With Anchorman 2 about to start its international roll-out, Ian Sandwell looks at the performance of comedies at the box office in 2013 and examines the prospects for Ron Burgundy’s return.

Anchorman 2

It is kind of a big deal, to paraphrase Ron Burgundy. Over nine years since Burgundy and the Channel 4 News Team last reported, Anchorman 2: The Legend Continues begins its international roll-out in the UK and Ireland on December 18, two days before the US on December 20.

Despite not making an impact overseas on its release in 2004, Anchorman: The Legend Of Ron Burgundy has developed into a huge cult hit, with the sequel almost as eagerly anticipated as December’s other notable sequel in the form of The Hobbit: The Desolation Of Smaug.

Overseas box office has been a mixed bag for American comedies in 2013, even when they have been hits domestically. For every international success such as We’re The Millers ($118.8m), there have been the likes of Identity Thief ($39.4m) and This Is The End ($24.4m). Even existing franchises have seen varying degrees of success. Grown Ups 2 managed to top the $109.4m international performance of Grown Ups with $113.4m, but The Hangover Part III fell from The Hangover Part II’s $332.3m overseas to $238.8m.

For Paramount, the goal with Anchorman 2 is clear. “Our objective is to bring fans of the first film, some of whom caught the film on DVD following its initial release, as well as new audiences to the movie,” says Nic Crawley, president, international theatrical marketing, Paramount. “With a sequel, we want to assure fans the movie has what they are looking for, but we also want to make sure those new to the film understand they don’t need any prior knowledge to come on board.”

‘All our stars - in front of and behind the camera - are a big part of the campaign’

Nic Crawley, Paramount

That new audience will prove crucial to Anchorman 2’s success. While its cult status will ensure the sequel will surpass Anchorman’s $5.3m international performance, Anchorman 2 will have to make an impact in territories where the first film either didn’t release theatrically or didn’t gross much.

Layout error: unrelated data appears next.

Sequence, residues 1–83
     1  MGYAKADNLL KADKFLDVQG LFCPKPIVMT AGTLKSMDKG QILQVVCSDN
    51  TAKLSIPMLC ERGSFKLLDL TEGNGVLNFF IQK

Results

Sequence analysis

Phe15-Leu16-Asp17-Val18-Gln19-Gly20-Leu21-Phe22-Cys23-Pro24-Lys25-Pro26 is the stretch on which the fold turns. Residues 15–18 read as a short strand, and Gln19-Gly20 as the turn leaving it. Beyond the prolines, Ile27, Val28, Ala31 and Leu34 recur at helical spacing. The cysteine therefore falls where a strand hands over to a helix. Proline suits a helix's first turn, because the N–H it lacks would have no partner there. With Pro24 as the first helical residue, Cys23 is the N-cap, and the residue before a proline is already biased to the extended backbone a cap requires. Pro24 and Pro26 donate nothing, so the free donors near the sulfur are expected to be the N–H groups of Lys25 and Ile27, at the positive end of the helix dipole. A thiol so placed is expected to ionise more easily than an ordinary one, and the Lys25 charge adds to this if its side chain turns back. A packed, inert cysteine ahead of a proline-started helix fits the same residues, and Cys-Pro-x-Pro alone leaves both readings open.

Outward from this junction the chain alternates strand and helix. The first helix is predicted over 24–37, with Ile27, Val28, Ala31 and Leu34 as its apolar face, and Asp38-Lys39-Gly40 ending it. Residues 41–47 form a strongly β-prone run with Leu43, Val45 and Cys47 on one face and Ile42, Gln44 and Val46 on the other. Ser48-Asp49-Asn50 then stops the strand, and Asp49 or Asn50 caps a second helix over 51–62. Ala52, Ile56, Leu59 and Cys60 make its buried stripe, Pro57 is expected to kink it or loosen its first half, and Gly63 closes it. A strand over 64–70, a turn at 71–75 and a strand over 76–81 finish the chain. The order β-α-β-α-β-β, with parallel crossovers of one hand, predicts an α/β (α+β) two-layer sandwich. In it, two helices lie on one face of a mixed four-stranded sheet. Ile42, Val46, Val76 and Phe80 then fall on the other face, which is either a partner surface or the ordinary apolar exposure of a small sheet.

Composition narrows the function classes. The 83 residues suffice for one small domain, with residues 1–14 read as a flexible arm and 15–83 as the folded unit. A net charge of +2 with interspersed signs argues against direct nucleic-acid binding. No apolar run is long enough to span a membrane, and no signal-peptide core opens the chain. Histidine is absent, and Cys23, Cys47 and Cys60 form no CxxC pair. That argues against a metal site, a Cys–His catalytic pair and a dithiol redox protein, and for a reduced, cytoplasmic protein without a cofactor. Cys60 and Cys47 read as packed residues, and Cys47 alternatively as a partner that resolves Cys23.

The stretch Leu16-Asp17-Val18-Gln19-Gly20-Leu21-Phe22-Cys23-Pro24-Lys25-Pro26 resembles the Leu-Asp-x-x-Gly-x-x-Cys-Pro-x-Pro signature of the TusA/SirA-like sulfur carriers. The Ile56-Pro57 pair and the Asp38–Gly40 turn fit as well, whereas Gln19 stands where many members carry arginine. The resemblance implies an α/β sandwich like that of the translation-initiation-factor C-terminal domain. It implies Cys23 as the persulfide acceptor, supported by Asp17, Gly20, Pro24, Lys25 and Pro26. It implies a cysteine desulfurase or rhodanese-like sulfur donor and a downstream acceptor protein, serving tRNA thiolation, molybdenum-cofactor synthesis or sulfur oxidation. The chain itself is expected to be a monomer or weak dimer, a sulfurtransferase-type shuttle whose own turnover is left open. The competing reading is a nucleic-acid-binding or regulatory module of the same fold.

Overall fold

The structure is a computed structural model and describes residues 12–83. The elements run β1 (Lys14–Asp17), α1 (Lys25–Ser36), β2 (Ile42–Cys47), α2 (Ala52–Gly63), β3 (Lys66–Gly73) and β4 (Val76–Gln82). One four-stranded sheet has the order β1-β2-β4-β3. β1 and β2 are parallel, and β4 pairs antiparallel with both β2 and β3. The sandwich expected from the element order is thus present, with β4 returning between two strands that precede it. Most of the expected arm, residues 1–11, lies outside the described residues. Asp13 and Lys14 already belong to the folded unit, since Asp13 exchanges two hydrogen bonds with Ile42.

Paul Dergarabedian, senior media analyst, Rentrak, doesn’t believe this will be an issue. “Sequels often fare better with international audiences,” he says. “Although it certainly helps if a film has done well in a specific territory, press coverage and the reviews of a movie may be enough to make a sequel a hit in a country that may not have had a release of the original instalment.”

Interestingly, one of the elements in Anchorman 2’s favour could be the long gap between instalments. Not only has it allowed the original to build up its formidable cult status, but also has increased the anticipation for the sequel. One example of the potential of this anticipation is Men In Black 3: after a 10-year gap from Men In Black II, the third feature became one of the most successful live-action comedies of all time internationally at $445m.

Of course, the Men In Black franchise had the added bonus of the star power and worldwide recognition of Will Smith. This is something that the later instalments of The Hangover benefited from with Bradley Cooper, but Rentrak’s Dergarabedian offers another reason that the first instalment of The Hangover — which grossed $190m internationally, terrific for an original concept comedy — succeeded.

“The concept of being hungover is pretty universal and the film benefited from this globally shared activity so to speak,” says Dergarabedian. “And then familiarity with a movie franchise helps overseas. For example, the first Hang-over film garnered its greatest percentage of box office from the US, but the sequels derived the lion’s share of their box-office revenue from the international arena.”

Crossing cultures